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U.S. must follow example of ancient Athens, cherish democracy

Photo Courtesy of Pixabay

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479 years before the birth of Christ, the people of Athens had a choice to make.

There were two options: liberty, with the possibility of death; or safety, but under the rule of a stranger: the Persian Emperor Xerxes.

The decision was of dire importance. Nothing is more frightening than the death of individuals, but without liberty, the death of a society eventually occurs. The city-state faced quite a dilemma.

The choice was not left up to a king or a queen, nor a priest or a governor. It was not made by a council, and it was not made by a church.

It was made by the people.

Democracy, as limited as it was in ancient Athens, would change the world forever. It wouldn’t happen overnight. Throughout the world, democracy, with all its significance, would rise to new heights and crumble into crude fragments. It would wait in silence for a revival, taking on many forms, and often failing. Today, our sacred system, a system we consider to be the foundation of freedom and fairness, is still under threat. History repeats itself; the role of the common, humble human remains in danger.

Despite the massive importance of free and fair elections, voting rights in the United States of America are in serious danger. This was made clear when, in January of 2017, the Economist Intelligence Unit demoted the United States of America to a flawed democracy. It’s heartbreaking, but ultimately not shocking.

Throughout the world, democracy, with all its significance, would rise to new heights and crumble into crude fragments. It would wait in silence for a revival, taking on many forms, and often failing. Today, our sacred system, a system we consider to be the foundation of freedom and fairness, is still under threat.”

Problems with a U.S. citizen’s ability to vote seem to stem from two main areas. The first is voter ID legislation. According to the American Civil Liberties Union, 11 percent of U.S. citizens do not have an ID, and the requirement of an ID reduces turnout. Furthermore, minority groups like African Americans are far less likely to have IDs, and their turnout is reduced disproportionately.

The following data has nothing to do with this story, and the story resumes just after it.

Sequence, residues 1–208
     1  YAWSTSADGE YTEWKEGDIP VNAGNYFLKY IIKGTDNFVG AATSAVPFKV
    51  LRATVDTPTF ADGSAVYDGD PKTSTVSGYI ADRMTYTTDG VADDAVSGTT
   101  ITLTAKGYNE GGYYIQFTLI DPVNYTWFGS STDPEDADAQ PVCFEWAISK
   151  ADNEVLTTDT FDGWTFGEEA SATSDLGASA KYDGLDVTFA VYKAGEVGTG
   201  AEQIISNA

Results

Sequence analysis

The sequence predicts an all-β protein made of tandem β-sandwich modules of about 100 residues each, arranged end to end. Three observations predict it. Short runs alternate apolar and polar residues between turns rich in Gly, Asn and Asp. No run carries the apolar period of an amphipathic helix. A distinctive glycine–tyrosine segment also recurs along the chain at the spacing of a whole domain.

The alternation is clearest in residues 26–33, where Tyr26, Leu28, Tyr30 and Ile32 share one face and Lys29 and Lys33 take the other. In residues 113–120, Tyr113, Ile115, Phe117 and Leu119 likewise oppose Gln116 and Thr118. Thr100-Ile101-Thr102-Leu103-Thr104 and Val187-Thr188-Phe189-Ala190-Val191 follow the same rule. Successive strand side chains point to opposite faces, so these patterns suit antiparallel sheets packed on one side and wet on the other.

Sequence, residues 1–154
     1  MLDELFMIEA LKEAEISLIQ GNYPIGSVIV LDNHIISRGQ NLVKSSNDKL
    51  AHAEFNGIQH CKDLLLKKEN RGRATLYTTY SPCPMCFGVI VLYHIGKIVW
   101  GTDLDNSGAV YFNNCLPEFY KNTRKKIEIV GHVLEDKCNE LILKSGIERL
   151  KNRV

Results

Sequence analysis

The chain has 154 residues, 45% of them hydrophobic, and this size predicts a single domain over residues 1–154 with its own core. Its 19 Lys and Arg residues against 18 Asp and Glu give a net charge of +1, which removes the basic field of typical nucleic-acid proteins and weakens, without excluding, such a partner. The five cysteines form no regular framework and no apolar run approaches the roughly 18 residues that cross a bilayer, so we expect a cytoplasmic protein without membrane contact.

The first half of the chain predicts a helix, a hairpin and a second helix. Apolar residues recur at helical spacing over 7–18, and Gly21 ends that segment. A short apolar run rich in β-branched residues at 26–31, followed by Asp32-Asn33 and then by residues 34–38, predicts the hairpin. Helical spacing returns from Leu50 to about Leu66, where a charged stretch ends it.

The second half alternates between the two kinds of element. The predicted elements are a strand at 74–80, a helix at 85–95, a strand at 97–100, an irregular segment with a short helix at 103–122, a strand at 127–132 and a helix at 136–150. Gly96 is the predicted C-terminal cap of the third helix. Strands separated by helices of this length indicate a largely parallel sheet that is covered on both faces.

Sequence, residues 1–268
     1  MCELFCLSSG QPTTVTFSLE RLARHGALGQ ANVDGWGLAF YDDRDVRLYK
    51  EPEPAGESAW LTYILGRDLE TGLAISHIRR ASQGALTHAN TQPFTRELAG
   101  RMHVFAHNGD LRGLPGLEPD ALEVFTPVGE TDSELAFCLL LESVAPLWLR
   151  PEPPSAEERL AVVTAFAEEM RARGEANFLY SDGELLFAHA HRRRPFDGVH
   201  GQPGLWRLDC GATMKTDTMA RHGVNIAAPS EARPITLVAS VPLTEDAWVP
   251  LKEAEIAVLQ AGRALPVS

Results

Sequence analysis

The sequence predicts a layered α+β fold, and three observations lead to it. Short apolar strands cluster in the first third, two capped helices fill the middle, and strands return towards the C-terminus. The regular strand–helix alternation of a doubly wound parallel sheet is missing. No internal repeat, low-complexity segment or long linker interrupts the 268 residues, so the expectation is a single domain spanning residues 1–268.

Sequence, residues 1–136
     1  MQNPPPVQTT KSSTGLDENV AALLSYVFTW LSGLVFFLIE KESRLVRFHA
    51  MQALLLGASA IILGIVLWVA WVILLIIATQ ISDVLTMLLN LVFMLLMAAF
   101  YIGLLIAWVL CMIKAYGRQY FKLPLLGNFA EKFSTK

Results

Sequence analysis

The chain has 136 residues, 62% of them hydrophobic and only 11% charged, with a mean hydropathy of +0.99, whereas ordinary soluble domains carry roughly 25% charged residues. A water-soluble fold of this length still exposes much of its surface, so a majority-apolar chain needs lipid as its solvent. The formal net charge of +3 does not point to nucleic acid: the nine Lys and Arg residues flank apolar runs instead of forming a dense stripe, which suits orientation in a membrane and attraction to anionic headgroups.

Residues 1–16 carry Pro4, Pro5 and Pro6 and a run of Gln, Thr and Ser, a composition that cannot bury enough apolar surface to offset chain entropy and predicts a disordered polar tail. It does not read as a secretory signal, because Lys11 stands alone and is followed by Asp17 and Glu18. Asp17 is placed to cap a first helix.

While a fair voting system is important, the only crime that Voter ID laws prevent is voter impersonation. Since 2000, there were only 31 allegations out of over one billion votes cast. The fact of the matter is that these laws are a solution to an almost nonexistent problem, and pose a threat to the integrity of the American voting system.

The second major area is gerrymandering, a shady political tactic in which district boundaries are drawn specifically to give one political party an unfair advantage. It’s a bipartisan problem- both Democrats and Republicans are guilty. In March of 2015, the Washington Post found that in New York in 2012, Democrats won 66 percent of the popular house vote, but 21 out of 27 seats in the house (three more than 66 percent should have secured in that state). That same year, in Pennsylvania, Democrats won 51 percent of the popular house vote, but only five out of 18 seats. This distortion of the people’s voice is vastly unfair, but not unprecedented; the practice has been around since the founding of our country.

Why is this allowed to happen? Why do lawmakers continue to succeed in silencing the voices of opposition, simply to fulfill their own goals of remaining in office?

The answer can be found in every American who cares nothing of his or her country’s direction.

In 2016, only 58.1 percent of eligible voters in the U.S. showed up at the polls. More than two-fifths of potential voters decided not to participate in a system that, for the ancient Athenians, changed the world forever. Voter apathy on this scale has plagued the country for too long, allowing government officials to gerrymander and suppress their way to the top.

The solution? Vote. And vote often. Not just for president, not just for members of congress; for sheriff, for judge, for school board, and everything else. Furthermore, call out instances in which voting rights are attacked. Peacefully protest instances of ludicrous voter ID laws and gerrymandering. Vote out officials that manipulate the voices of the American populace for their own career.

The people of Athens decided to fight back, and they won. But what’s more significant than the outcome of the fight is that whatever happened, they were the masters of their own fate- a principle taken for granted today. They recognized that unwillingness to participate in government was a dangerous sin, and would ultimately destroy a civilization.

Athenians made the right decisions on that fateful day. If Xerxes had been allowed to rule, democracy might never have existed again.

Standing in line to vote for a few minutes, in my humble opinion, is certainly more desirable.

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U.S. must follow example of ancient Athens, cherish democracy